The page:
After Baruch Kappel Goldstein killed 29 Palestinians at worship in the Ibrahimi Mosque, the UN decided that there should be an international observer mission in Hebron. The actual history behind the long-standing tensions in Hebron goes much further back than this incident in 1994, but it is important to note that Hebron has been the centre of such conflict partly because it is an important holy site for both Jews and Muslims, being the burial place of the Patriarchs of the Abrahamic faiths.
The Temporary International Presence in Hebron (TIPH) has been in existence since 1997. Our visit to Hebron with them was probably the most impacting experience on our trip. We were first given a briefing about the mission, what it does and the situation in Hebron. Hebron has been separated into 2 divisions since the Oslo Accords: H1, controlled by the Palestinians, and H2, controlled by the Israelis. There are around 500 settlers living in H2, and Israeli troops are stationed there to protect these settlers. The effects these settlers have had on the Palestinians living in Hebron, which we saw on some footage and when walking around Hebron, was shocking for us.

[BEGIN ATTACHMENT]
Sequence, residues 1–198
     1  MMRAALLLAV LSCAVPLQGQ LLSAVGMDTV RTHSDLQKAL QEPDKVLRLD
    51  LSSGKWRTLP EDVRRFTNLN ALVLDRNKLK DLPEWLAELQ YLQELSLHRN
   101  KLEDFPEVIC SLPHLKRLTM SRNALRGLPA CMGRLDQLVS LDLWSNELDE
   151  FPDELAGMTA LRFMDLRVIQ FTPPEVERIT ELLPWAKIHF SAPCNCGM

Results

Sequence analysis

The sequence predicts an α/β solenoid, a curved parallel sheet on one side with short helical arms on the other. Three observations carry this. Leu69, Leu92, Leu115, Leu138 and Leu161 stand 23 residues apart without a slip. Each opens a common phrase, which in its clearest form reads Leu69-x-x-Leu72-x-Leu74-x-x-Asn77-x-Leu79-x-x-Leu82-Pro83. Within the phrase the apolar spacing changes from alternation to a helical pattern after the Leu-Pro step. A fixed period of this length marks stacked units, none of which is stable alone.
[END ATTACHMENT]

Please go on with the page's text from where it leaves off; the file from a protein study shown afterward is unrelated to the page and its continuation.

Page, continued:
Walking around Hebron was a chilling experience. Once-bustling roads were deserted, save for a few Israeli army jeeps. Many houses had doors they could no longer use because they were forbidden to use the road it opened onto, and rows and rows of front doors had the Star of David spray-painted like a sign of territory, of power. Windows were caged up in wire mesh to protect residents from the stones thrown by settlers, as were the spaces between the alleyways in the old Souq (sadly also greatly decimated in size). Residents told us that the wire meshes were often not effective as settlers didn’t just throw stones at them, but excrement too.
Maya Sikand (Kenya, AC06-08)
– United World College Student Magazine –